What are the Different Types of Dental Implants?

About Dental Implants

Missing teeth can cause all kinds of literal and figurative headaches. From jaw pain to difficulty eating and talking, even having just one missing tooth can affect not only your oral health but your appearance. Without a root, the rest of your teeth can shift, ultimately weakening the rest of your root structure and increasing your risks of additional tooth loss and serious oral health issues. 

Dental implants are titanium rods inserted into your gums and jawbone to act as artificial tooth roots. They provide support for a single artificial tooth like a crown or for several teeth like dentures or bridges. Implants are permanent, but your artificial teeth may be fixed or removable. Either way, with implants, your new teeth will look and function like natural teeth. 

The type of dental implant that’s best for you will be determined by your health history and existing jaw structure. There are two main types of dental implants and a few alternatives we’ll cover to help you get a sense of which type of dental implant may be right for you.

  1. Endosteal
  2. Subperiosteal
  3. Transosteal
  4. Mini
  5. All-In-One

Endosteal Dental Implants illustration

1. Endosteal Dental Implants

Endosteal (root form) implants are the most common type of dental implants. They resemble small screws and are implanted into your jawbone during an outpatient procedure. One endosteal implant can be attached to one or multiple false teeth.

Because endosteal implants are inserted into bone, they are only suitable for patients with a healthy jawbone for the implant to fuse to. After endosteal implants are inserted, as your jawbone heals it will grow around your implant(s). This growth anchors the implant securely to your jaw, even strengthening your overall bone structure and health of your teeth and gums.

During the implant procedure, A dentist will cut into your gum to expose your jawbone and make holes for the implants. Following surgery, while you wait for your implant to heal, you may choose to use temporary dentures until your permanent artificial teeth are ready.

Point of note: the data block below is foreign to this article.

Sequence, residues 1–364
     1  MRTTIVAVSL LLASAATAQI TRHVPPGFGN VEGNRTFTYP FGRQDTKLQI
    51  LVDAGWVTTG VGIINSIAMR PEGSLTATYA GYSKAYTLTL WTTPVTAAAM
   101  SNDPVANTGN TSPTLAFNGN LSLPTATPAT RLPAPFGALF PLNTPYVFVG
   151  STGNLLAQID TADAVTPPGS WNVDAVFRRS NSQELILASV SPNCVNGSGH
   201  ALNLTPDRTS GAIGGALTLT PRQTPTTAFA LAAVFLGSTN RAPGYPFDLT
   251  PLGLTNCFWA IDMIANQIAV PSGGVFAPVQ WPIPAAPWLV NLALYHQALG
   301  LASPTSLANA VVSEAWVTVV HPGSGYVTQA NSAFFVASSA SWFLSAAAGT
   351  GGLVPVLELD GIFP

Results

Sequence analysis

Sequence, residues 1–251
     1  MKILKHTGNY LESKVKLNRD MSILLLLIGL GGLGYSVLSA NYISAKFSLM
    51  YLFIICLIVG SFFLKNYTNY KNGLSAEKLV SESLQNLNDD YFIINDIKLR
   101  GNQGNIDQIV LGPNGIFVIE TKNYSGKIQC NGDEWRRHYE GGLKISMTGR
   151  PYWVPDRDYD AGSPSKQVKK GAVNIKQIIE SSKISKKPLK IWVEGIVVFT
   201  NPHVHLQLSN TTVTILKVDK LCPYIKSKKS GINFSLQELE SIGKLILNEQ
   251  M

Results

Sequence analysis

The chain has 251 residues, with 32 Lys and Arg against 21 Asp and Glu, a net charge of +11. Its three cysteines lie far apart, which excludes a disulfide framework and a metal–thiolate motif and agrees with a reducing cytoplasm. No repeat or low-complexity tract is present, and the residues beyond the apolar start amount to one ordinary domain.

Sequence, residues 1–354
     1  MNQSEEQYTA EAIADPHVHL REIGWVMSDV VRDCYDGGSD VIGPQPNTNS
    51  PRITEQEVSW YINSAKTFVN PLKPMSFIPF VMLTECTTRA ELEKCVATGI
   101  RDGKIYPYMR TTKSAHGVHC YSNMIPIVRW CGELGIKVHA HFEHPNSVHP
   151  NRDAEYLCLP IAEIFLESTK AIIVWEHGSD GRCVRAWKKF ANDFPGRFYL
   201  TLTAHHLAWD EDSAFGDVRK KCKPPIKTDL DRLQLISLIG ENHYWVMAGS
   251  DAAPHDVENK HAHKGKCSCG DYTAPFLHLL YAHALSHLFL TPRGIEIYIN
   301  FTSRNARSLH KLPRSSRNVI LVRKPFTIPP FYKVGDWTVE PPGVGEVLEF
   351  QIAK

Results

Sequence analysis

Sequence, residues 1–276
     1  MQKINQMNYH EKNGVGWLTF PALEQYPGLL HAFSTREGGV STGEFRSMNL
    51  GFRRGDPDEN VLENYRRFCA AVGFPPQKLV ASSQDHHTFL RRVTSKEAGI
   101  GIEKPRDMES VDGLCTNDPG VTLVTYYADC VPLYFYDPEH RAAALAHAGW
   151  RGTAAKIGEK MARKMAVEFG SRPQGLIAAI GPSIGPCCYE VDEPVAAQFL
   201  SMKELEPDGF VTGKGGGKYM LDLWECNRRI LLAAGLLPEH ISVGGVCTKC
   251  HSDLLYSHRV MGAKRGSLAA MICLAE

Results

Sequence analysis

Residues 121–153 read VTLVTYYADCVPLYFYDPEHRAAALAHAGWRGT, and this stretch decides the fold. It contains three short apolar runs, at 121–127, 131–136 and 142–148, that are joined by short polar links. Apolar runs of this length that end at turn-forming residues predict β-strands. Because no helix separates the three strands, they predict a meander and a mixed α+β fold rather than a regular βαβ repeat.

It can take anywhere from six to 16 weeks (about 3-4 months) for your gums to heal completely, but the dental implant process altogether from initial consultation to receiving your dentures can take around nine months or more.

Subperiosteal Dental Implants Illustration

2. Subperiosteal Dental Implants

If you are unable to wear conventional dentures, don’t have enough healthy jawbone to support an endosteal implant, or you don’t like the idea of something in your jawbone, subperiosteal dental implants may be a good option for you. This type of dental implant is inserted into the gum but lies on top of the jawbone (rather than inserted into it) under a thin layer of tissue between the bone and gum.

The procedure for subperiosteal implants is also an outpatient procedure that requires anesthesia. As your gums heal, they affix to the metal frame of the implant. Like endosteal implants, posts are attached to the frame and your artificial teeth are placed on the posts.

Unlike endosteal implants, subperiosteal implants are custom-made to fit the unique contours of your jawbone. This requires an additional outpatient procedure to open the gum tissue and take an impression of your jawbone before the actual implant procedure. You will have local anesthesia for this procedure as well.

Because these are not inserted into your jawbone, subperiosteal implants do not require any bone grafting prior to the procedure and have a faster recovery period than endosteal implants.

Transosteal Dental Implants illustration

3. Transosteal Dental Implants

Transosteal implants (also known as mandibular staple) are only used on the lower jawbone and only if you don’t have the jawbone to support endosteal or subperiosteal implants.